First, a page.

“Wood will bleach out over time in the sun,” Gilinger says. “That’s just because all the moisture literally escapes from the fence, and that’s what makes it turn gray. As far as maintenance goes with wood, you do want to stain it or seal it. You do that after the first six to eight months that the fence was installed, and then another time two years after that. After that, you should never have to do it again.”

Another option that is maintenance-free and visually appealing is aluminum, which is why that’s the only material Blackman works with. “Wood is something that is only going to last a couple years before it needs to be either painted or have parts replaced. Aluminum fencing is one time and done. [It lasts] for years and years,” he says.

Black aluminum fencing is especially popular around a pool. “Most people go for something fairly straightforward around the pool area, because they usually don’t want to detract from the architecture of the house or the beauty of the pool and the landscaping,” Blackman says.

Important steps before installation
Once the material is selected, it’s almost time to install the fence, but not before the resident inquires about any restrictions in the town or determines the correct boundary lines.

“We always tell our customers to check with their township or borough, whatever municipality they’re in, to see if there are any easements on the property that they have to watch out for,” Gilinger says. “As long as everything is good with your township, then you have to check to see if there is a homeowners’ association. A lot of developments in this area have a homeowners’ association that says you can only put in this type of fence, or it can only go in 6 inches from your property line. Sometimes they’ll tell you it can’t go over 4 feet high and it has to be this color; everything has to look uniform in the developments.”

There are different regulations when it comes to a fence surrounding a pool. These vary by state but are fairly similar.

“When you get into a pool, it has to be a minimum of 48 inches high and there are certain restrictions on how big the spaces can be as well,” Anello says. “Also, a pool requires the gates to be self-closing, self-latching and swinging in the outward direction. If the fence has greater than the 2-inch spacing that’s required, or the inch-and-a-quarter spacing that’s required, then the cross rails have to be spread apart so that it’s more difficult for anybody, specifically children, to climb over and get in.”

Finishing touches
While many homeowners just want their fence to serve a purpose, others look to dress them up so they stand out in the neighborhood.

“You’d be surprised what people come up with,” Gilinger says. “You can definitely do a lot of fun things with aluminum. You can do curved pickets, scrolls, finials, that sort of thing. Instead of having a straight gate like the rest of your fence, you can make a gate arched. You can put an arbor over your gate so it’s like a little archway when you walk through. You can also do different caps on top of each post to dress it up.”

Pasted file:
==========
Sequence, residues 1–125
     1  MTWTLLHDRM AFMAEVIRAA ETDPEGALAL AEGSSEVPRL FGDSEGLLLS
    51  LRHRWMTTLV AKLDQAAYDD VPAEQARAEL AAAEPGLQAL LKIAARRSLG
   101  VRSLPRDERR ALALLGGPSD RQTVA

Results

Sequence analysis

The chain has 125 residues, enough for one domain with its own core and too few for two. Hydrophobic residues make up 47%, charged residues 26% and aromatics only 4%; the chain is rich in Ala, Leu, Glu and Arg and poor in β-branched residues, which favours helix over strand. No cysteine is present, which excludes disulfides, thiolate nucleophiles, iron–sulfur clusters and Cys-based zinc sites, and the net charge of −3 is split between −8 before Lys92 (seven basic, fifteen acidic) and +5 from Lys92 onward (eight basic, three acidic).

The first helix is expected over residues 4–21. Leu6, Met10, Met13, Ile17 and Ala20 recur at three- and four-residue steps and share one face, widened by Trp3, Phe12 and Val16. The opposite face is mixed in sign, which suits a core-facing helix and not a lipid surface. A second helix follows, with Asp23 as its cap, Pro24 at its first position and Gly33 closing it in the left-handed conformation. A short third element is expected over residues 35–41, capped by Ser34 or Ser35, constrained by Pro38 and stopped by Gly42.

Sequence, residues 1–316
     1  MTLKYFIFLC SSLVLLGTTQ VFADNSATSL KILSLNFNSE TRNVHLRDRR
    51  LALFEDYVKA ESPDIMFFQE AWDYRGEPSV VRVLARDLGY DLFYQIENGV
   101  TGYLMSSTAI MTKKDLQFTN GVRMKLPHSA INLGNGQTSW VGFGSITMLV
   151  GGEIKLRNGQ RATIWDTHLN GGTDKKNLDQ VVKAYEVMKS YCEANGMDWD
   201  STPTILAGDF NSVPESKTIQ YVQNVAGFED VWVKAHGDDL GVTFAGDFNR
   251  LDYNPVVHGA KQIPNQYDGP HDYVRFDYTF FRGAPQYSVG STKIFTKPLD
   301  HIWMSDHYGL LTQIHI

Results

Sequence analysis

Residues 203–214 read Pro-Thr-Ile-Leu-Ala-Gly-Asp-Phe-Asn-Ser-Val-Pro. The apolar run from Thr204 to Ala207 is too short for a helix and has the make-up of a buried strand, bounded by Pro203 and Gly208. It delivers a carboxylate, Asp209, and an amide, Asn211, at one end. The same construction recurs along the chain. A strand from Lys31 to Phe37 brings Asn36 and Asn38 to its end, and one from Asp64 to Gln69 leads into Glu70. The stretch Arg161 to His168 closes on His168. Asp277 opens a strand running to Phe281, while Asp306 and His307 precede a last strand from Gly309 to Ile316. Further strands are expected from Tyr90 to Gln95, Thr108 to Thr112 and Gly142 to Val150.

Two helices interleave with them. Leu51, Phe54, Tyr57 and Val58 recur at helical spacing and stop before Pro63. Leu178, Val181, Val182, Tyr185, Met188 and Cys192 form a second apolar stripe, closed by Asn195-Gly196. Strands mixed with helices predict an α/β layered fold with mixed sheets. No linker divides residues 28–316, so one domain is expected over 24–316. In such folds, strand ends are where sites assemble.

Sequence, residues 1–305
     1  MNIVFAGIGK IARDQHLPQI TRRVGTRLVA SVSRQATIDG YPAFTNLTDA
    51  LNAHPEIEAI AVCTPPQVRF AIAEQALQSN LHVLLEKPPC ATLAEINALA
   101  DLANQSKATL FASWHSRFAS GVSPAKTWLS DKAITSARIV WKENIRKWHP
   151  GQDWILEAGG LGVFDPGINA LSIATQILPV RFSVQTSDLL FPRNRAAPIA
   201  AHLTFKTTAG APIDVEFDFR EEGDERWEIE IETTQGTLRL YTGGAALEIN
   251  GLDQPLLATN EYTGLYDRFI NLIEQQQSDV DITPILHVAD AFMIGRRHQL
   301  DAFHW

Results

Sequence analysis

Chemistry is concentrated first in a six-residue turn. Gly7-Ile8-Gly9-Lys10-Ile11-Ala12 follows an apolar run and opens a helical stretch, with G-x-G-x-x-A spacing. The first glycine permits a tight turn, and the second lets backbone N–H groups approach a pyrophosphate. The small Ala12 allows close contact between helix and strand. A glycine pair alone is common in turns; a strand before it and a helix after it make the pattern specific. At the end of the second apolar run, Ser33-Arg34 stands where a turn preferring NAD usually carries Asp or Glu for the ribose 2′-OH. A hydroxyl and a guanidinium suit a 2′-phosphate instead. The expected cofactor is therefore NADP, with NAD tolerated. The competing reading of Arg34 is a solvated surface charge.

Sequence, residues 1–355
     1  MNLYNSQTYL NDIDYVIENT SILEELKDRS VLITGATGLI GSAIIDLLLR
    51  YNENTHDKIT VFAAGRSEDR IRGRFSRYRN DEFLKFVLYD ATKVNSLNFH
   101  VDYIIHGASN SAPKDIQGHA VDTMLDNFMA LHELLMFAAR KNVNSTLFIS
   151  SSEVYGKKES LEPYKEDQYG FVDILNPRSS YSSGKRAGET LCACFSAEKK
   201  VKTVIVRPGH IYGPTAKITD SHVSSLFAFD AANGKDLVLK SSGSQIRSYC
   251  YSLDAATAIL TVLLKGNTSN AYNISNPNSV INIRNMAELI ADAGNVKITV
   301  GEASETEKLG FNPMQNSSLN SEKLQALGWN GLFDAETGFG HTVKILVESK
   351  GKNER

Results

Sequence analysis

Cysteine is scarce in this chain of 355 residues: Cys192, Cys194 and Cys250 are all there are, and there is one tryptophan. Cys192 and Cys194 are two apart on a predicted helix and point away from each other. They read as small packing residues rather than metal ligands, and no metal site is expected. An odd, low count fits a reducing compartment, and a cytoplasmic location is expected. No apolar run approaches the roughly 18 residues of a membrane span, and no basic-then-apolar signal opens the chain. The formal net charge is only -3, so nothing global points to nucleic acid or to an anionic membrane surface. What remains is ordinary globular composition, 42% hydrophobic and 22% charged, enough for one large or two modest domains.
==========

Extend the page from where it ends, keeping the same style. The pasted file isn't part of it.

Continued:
Anello even suggests using more than one material for different parts of the property.

“A cost-effective way, if you want curb appeal, is to do an aluminum or PVC fence in the front yard, and then switch to chain-link in the back where you can’t see it as much,” he says.

For Blackman, that’s the fun part of fence design; when customers want to add some flair.

“There are times when people want the fence to be the focal point, and if that’s the case they may want to add an ornamental design like rings or spears or arrowheads fleur de lis,” he says. “Those are the types of things that would make the fence much more ornamental in nature, and look more similar to a wrought iron fence than just a simple barrier fence.

“We can make it as ornate as they want. Some people have opted to do the decorative spear in a different color than the fence; they may want a gold spear with a black fence. Some people liked arched-top gates instead of flat-top gates. There are a lot of different ways we can dress up the fence without impacting the cost too dramatically.”


Carfaro Inc.
Trenton, N.J.
(800) 467-8432

Multiple locations

Forever Fence
Pequannock Township, N.J.
(973) 835-3333

Montco Fence & Superior Products
Limerick and Bechtelsville, Pa.
(610) 287-7190

Published (and copyrighted) in House & Home, Volume 15, Issue 10 (April, 2015).
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Author: Matt Cosentino